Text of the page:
Reference: FSRCD 485
Bar code: 8427328604857
Since his first recordings, pianist Cecil Taylors astonishing performances were marked by such freedom of improvisation that careful, studied listening was required. Cecil, whose staccato burst of phrases and subtle use of motifs always implied a melody line, improvised in a manner which defied description. He was constantly foraging in search of the dynamically fresh in his solos. Steve Lacywho made a stylistic leap in joining Taylors quartet in their embrace of free jazzis heard here also blowing a new sound through the horn. His soprano had the virility of a tenor and the maneuverability of an alto. These performances make for rewarding listening because of the constant probing and daring of their participants.
"Today, most listeners think of Cecil Taylor as an awesome enigma. After all, it was more than 40 years ago that the American pianist started playing music in which it was tough to discern a tune unless you had a brain that could slow down a red-hot rush of notes to a stroll. But Taylor was a postbopper, and a fan of Thelonius Monk, Bud Powell and Duke Ellington once - and, on these legendary early pieces from 1956 and 57, you can hear it. Blue Note originally released this landmark set, but Fresh Sound has added some live material from the 1957 Newport jazz festival. A Taylor group comprised of Buell Neidlinger on bass and Dennis Charles on drums is augmented here and there by soprano saxophonist Steve Lacy; the repertoire mixes tunes by Ellington, Monk and Cole Porter with the leader's fearlessly personal reinventions of the blues. Thelonious Monk's Bemsha Monk is played even more cryptically and succinctly, the lines breaking up into jagged fragments and jutting chords. Taylor's Charge Em Blues is a 4/4 walk with a surprisingly straight Lacy sax solo, and Azure's lazily struck chords and delicate treble sounds might even remind you of Abdullah Ibrahim, until the cross-rhythmic improvised piano patterns clattering chords typical of later Taylor emerge. A live version of Johnny Come Lately shows just how swinging Taylor could be. It's a historic document that still sounds more contemporary than most jazz piano music being made today."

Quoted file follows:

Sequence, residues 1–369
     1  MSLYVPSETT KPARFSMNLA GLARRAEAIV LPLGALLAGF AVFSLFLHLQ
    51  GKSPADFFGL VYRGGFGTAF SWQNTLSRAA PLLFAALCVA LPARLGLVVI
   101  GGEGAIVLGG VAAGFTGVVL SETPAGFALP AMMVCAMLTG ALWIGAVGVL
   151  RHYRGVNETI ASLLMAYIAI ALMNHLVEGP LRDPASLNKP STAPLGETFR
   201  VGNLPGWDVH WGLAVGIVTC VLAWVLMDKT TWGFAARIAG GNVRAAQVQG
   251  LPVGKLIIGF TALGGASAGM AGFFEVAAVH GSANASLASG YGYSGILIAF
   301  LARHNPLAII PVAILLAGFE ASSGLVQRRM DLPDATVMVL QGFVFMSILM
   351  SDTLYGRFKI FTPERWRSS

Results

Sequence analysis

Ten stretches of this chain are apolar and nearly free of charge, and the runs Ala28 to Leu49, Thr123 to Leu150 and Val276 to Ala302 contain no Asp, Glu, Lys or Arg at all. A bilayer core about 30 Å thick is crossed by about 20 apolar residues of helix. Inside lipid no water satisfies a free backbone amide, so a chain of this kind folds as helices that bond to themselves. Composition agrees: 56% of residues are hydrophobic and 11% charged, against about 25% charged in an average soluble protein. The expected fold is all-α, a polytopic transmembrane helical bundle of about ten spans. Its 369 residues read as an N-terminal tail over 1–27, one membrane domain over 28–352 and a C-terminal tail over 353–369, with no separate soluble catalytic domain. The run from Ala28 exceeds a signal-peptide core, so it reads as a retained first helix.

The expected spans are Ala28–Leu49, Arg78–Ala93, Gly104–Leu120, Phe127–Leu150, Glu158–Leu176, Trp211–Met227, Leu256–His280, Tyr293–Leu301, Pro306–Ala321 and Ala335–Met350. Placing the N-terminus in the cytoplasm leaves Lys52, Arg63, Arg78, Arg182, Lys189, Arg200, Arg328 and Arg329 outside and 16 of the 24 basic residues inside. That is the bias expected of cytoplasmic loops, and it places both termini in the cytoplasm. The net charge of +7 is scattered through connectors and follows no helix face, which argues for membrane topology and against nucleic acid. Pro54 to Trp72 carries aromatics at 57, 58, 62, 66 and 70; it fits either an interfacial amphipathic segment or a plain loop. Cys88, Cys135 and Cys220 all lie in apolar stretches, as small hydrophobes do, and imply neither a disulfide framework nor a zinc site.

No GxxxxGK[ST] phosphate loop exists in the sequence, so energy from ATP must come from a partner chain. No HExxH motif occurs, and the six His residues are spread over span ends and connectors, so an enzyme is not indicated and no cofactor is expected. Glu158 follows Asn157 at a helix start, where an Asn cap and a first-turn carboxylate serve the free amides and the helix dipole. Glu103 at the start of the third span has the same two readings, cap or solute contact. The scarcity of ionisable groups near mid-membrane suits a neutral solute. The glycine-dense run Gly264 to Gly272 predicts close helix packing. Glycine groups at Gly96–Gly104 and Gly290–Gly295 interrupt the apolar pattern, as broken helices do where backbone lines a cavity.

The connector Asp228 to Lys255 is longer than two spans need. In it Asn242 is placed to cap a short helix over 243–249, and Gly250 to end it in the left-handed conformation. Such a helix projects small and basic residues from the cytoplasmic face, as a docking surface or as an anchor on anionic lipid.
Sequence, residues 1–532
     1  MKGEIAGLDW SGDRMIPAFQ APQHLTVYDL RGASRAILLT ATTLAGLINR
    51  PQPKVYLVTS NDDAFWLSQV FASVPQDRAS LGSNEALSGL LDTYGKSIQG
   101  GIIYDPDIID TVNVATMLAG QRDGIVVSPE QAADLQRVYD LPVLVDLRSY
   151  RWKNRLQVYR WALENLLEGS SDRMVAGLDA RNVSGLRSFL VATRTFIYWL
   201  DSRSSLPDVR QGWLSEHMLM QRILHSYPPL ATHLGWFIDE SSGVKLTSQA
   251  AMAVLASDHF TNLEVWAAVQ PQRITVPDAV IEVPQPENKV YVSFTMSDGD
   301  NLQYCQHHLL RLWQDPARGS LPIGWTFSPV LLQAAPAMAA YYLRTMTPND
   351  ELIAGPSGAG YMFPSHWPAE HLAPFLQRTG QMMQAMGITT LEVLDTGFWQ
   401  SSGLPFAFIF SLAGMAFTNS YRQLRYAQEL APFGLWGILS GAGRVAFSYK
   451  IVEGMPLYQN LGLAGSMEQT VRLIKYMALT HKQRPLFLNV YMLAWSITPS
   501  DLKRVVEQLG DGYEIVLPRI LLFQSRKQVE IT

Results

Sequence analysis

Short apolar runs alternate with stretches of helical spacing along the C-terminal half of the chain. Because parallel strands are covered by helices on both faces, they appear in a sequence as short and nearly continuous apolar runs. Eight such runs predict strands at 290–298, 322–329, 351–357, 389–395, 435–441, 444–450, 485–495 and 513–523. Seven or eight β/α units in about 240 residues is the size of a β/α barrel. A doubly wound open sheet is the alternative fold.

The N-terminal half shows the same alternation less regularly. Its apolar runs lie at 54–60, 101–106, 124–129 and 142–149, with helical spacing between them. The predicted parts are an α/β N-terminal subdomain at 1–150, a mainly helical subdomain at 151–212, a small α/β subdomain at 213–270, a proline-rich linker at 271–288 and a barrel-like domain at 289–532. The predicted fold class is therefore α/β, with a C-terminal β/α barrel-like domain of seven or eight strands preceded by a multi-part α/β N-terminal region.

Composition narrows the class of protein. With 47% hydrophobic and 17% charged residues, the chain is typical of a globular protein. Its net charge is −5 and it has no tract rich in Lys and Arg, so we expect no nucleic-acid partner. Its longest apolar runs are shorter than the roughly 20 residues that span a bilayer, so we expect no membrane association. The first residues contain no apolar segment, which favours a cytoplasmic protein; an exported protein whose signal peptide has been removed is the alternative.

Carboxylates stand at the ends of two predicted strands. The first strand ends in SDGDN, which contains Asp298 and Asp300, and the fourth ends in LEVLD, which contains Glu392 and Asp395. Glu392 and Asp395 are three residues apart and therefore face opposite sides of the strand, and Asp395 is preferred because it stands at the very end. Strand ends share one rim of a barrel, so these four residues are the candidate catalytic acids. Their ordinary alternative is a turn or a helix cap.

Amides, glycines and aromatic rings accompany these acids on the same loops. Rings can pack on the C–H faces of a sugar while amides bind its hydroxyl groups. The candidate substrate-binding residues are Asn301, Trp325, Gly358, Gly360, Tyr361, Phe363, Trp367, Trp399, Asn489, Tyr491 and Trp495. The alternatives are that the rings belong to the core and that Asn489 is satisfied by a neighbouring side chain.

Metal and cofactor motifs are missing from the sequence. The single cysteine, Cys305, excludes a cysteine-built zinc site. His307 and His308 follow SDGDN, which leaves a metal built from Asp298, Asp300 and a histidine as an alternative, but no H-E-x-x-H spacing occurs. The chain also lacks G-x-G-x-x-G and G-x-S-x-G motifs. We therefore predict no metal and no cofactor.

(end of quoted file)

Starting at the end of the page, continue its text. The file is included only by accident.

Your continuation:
***** (5 Stars)
The Guardian - July 11, 2008